Breaking: How our democracy actually works

In our democracy, does the party that wins the most seats get to form government? Maybe, but not necessarily.

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Possibly the lowest moment of our 148-year-old civic discourse, our collective exercise in understanding ourselves, came on the night of April 12, 2011. More specifically, it arrived 52 minutes and 45 seconds into that night’s federal leaders’ debate.

“Let me just be very clear about our position. Of course, parties will work together from time to time,” Stephen Harper said. “But our position is very clear: the party that wins the most seats forms the government. That’s how our democracy is supposed to work.”

There were three other leaders of federal political parties on stage at that moment, but not one of them moved to correct him or quibble about constitutional parameters and the nature of government formation in a parliamentary system.

Harper committed that Conservatives would only govern if they won the election and he alleged that Michael Ignatieff would not commit likewise. Ignatieff then tried to hedge. Whoever won the most seats, he said, got to “try” to win the confidence of the House of Commons.

“It’s not a matter of trying, Mr. Ignatieff,” Harper responded. “If you don’t win the most seats, you don’t get to form the government. That’s how our system works.”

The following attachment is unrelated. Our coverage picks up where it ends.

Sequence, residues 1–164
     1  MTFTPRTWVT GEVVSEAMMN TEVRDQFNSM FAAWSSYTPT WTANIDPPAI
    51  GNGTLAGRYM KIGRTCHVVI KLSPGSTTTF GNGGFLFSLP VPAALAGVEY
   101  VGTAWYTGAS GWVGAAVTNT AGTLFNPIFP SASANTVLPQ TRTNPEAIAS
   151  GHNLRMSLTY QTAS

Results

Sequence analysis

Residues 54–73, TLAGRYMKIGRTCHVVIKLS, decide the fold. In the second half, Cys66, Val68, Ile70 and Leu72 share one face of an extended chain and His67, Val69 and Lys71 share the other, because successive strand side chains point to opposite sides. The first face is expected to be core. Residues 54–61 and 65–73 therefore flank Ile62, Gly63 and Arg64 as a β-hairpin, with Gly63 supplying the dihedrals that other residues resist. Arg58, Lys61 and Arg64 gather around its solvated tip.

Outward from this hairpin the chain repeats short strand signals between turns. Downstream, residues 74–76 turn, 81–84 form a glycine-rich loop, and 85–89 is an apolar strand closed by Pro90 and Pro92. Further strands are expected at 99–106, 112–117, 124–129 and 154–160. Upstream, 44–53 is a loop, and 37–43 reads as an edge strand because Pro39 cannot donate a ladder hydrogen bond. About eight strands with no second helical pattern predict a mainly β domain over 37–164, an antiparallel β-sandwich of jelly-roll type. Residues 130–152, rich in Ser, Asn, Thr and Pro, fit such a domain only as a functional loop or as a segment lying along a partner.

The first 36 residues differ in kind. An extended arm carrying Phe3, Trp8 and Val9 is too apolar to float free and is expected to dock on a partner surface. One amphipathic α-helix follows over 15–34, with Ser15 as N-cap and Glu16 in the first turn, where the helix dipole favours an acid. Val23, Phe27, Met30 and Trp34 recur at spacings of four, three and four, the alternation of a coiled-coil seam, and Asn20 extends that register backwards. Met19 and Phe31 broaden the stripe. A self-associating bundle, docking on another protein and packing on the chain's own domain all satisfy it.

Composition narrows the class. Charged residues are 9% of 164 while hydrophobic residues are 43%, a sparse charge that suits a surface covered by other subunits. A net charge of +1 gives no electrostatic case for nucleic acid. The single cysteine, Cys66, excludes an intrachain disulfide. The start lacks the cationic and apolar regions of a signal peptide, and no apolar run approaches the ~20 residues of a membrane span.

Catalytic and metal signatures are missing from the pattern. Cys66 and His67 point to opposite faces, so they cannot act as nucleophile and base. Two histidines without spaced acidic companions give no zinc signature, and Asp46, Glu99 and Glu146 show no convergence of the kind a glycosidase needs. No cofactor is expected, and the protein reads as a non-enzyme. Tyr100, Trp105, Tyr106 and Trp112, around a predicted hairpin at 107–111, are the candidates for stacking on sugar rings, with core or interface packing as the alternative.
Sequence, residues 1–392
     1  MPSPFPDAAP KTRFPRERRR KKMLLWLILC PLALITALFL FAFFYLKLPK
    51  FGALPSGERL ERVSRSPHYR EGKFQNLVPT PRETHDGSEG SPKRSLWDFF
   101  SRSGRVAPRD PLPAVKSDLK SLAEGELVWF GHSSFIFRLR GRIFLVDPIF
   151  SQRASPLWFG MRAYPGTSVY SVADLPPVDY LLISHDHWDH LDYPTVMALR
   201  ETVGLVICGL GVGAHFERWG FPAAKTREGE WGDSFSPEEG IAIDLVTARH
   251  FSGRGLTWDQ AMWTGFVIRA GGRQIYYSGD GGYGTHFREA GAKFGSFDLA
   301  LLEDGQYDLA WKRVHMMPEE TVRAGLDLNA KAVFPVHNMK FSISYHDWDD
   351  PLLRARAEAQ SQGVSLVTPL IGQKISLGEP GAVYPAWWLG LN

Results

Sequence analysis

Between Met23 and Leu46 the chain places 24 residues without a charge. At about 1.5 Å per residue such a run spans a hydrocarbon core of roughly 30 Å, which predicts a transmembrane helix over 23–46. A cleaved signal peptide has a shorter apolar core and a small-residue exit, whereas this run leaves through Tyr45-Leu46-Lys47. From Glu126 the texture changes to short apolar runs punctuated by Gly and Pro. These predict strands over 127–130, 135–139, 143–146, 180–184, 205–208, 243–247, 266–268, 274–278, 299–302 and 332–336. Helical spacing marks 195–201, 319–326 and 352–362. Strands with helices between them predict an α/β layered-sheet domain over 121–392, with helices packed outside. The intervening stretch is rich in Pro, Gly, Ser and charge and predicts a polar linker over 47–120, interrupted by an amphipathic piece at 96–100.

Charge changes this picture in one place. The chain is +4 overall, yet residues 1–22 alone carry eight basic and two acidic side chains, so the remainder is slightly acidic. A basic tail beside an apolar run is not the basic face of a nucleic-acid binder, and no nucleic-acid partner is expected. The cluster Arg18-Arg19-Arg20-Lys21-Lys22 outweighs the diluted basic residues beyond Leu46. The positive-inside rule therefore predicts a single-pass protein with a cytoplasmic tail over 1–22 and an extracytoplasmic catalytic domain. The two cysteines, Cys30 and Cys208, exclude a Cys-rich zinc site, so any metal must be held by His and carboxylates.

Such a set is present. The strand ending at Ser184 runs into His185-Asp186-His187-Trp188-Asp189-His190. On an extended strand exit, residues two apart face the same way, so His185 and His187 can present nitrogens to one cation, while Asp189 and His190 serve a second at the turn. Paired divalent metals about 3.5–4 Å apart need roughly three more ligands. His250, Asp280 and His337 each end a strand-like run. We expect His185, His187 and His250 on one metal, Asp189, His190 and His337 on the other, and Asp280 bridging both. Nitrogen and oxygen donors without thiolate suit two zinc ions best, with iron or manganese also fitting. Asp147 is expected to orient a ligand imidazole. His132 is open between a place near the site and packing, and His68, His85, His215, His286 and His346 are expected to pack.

“I just said that,” Mr. Ignatieff came back. “I…accept that principle.”

And with that—the Prime Minister telling a national TV audience that this was how our system worked without any of the most prominent figures in our national politics objecting—Westminster wept.

Given what Harper said in 2011—and what he accomplished along the way—it is not surprising that he said the following in an interview with the CBC’s Peter Mansbridge that was broadcast this week: “I think you—you have to have the most seats in Parliament to go to the governor general and that’s, you know, in this country in our system, we have what’s called a Westminster-style system, um, and we don’t—we don’t, you know, elect a bunch of parties who then as in some countries, get together and decide who will—who will govern. We ask people to make a choice of a government. And so I think that the party that wins the most seats should form the government.”

Harper’s version is disproven by history: the federal election of 1925, the Saskatchewan election of 1929 and the Ontario election of 1985 each resulted in a party that didn’t have the most seats forming government.

Are such examples rare amongst the dozens of national and provincial elections that have occurred in this country? Yes.

Were those fundamentally undemocratic governments? That would be a fun question to have debated between Stephen Harper of 2015 and Stephen Harper of 1997. Eighteen years ago, when Harper was out of politics, he was asked for his assessment of the next federal election. His view of how the system worked then was rather different.

“The way the Liberals, I think, are eventually going to lose office, whether it’s in this election or the next one, is they’re going to fail to win a majority … And that’s where I think you’re going to face, someday, a minority Parliament, with the Liberals maybe having the largest number of seats, and what will be the test is whether there’s then any party in opposition that’s able to form a coalition or working alliance with the others.”